Plastic bags are a major environmental problem. In order to reduce littering, it is now possible to reclaim the deposit on your plastic bag using a mobile phone app.
According to the Swedish Environmental Protection Agency, the Swedish retail sector purchased plastic bags for a total of SEK 832 million during 2017, for consumers to carry home their goods. Once used, these plastic bags often find their way into our natural environment, not least the oceans, causing a major environmental problem. One possible solution to this problem may be a newly-developed service called PantaPåsen. The intention is to encourage us to be better at recycling plastic.
“By setting a value in kronor on plastic bags, consumers have a further reason to recycle, instead of discarding bags in household waste or, even worse, in nature,” explains PantaPåsen, the company behind the system, in a press release.
Looking for financing
RISE. together with PantaPåsen, is now looking for financing to start a project to develop a deposit-return system for plastic bags, as well as other types of packaging.
"We believe that this is a brilliant idea and we would be more than happy to participate by taking a holistic approach to developing the concept,” says Kristina Wickholm, project manager at RISE. Kristina tells us that one component of the planned project will be an interview-based consumer survey.
“We want to find out how consumers see the service, what kinds of packaging end up in household waste and how consumers would react to a deposit-return system for other products; so that we know how we should proceed with this work,” she explains, and continues:
“We also have other visions for future initiatives. For example, it would be interesting to look at the possibility of developing an app that can read whether or not a given type of plastic can be returned. This will make it easier for us to improve the sorting of various types of plastic.”
Built on existing behavior
PantaPåsen was the first company in the world to introduce a deposit-return system for plastic bags and recently launched an app aimed at simplifying the return process. Suwar Mert, founder and CEO of PantaPåsen, and an MSc in engineering, is the man behind the idea.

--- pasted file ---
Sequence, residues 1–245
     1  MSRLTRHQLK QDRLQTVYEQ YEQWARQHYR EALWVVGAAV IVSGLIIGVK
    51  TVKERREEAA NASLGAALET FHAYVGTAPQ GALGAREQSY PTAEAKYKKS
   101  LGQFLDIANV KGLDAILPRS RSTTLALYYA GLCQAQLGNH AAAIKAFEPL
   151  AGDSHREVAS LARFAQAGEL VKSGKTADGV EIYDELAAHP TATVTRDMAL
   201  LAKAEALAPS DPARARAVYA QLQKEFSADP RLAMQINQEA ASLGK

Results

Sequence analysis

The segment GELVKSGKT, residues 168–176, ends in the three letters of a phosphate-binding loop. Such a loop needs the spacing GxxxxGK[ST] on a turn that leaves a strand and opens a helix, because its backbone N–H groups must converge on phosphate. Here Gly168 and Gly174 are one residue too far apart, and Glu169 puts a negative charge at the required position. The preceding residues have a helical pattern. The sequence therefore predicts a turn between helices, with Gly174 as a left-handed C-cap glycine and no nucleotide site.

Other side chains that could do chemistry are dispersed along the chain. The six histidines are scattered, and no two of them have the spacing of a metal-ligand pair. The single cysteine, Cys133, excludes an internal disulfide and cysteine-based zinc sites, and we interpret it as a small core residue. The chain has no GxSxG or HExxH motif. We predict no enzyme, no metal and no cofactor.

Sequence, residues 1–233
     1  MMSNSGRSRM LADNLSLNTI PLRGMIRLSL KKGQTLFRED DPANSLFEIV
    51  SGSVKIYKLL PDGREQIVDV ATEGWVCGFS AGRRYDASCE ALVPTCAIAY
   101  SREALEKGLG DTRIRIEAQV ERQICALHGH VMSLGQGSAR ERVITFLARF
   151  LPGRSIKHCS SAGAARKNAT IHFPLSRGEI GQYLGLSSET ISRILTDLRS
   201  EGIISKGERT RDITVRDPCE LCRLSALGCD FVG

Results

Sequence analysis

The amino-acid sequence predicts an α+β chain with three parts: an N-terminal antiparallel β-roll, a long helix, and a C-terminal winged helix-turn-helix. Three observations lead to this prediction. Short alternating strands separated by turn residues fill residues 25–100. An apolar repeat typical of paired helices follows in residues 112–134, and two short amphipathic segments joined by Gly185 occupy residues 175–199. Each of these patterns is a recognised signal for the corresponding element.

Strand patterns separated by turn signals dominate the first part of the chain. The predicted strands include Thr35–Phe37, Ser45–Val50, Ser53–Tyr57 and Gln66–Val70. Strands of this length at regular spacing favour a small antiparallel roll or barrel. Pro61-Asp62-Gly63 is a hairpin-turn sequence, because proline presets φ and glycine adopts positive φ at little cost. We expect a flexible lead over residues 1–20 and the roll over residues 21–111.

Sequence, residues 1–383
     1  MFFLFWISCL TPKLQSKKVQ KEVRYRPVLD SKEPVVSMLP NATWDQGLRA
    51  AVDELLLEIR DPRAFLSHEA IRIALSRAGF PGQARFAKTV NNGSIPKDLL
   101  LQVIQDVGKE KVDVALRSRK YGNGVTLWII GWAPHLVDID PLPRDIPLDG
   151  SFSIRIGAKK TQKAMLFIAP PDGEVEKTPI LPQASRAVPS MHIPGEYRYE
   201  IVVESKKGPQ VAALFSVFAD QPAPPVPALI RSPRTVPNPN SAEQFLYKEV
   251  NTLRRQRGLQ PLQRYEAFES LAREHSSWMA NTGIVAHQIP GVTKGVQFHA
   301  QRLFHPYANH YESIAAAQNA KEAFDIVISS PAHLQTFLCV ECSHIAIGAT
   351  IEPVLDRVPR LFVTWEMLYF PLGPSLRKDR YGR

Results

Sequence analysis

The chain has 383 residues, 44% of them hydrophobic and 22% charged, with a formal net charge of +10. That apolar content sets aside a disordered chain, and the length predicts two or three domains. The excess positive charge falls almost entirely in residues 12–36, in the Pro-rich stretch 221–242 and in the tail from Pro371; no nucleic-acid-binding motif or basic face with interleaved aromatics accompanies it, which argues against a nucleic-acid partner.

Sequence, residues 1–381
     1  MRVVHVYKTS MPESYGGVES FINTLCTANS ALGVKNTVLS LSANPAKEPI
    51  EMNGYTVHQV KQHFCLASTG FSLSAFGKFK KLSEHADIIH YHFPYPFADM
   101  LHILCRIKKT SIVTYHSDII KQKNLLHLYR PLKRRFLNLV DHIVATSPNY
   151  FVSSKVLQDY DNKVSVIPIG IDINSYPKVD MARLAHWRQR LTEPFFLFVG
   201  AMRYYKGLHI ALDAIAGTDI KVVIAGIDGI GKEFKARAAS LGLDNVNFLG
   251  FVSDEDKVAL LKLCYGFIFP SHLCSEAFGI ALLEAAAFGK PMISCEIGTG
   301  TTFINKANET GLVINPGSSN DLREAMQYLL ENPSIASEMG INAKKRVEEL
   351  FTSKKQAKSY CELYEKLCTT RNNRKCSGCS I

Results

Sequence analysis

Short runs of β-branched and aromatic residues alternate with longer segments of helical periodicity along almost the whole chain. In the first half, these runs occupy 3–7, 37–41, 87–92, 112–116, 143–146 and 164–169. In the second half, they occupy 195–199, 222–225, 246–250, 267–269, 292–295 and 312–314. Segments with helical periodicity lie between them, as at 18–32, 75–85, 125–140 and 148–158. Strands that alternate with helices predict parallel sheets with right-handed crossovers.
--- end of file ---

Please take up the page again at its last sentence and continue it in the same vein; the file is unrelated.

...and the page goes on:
“Littering is an enormous problem and I decided to find a solution to it. The solution came to me while standing at the bottle and can return machine in my local supermarket, wondering why I couldn’t return the bags the cans were in. That’s the way it is,” says Suwar Mert. He explains that it actually isn’t a matter of creating entirely new consumer behavior.
"Many people are already in the habit of returning their bottles and cans; it is simply a matter of allowing this habitual behaviour to spill over into other types of product.”
Gives insight in what packaging we want to return
Suwar Mert believes that the project RISE is currently attempting to launch will add considerable value in developing the concept with PantaPåsen.
"The project will provide us with input from several areas of the process, as well as contributing to our understanding of which packaging consumers would like to return going forward,” explains Suwar Mert.
How to return your plastic bag
You can return your plastic bag and reclaim your deposit by first downloading the PantaPåsen app onto your mobile device and then returning your plastic bags to the recycling station of your choice and scanning them. Once you have done so, simply place the bags into the container for plastic packaging.
As things stand, it is possible to return plastic bags to one of the three Stockholm pharmacies that are affiliated to the system. The hope is that in the future the number of stores involved will increase and that other packaging, such as soap bottles and milk cartons, will also be returnable.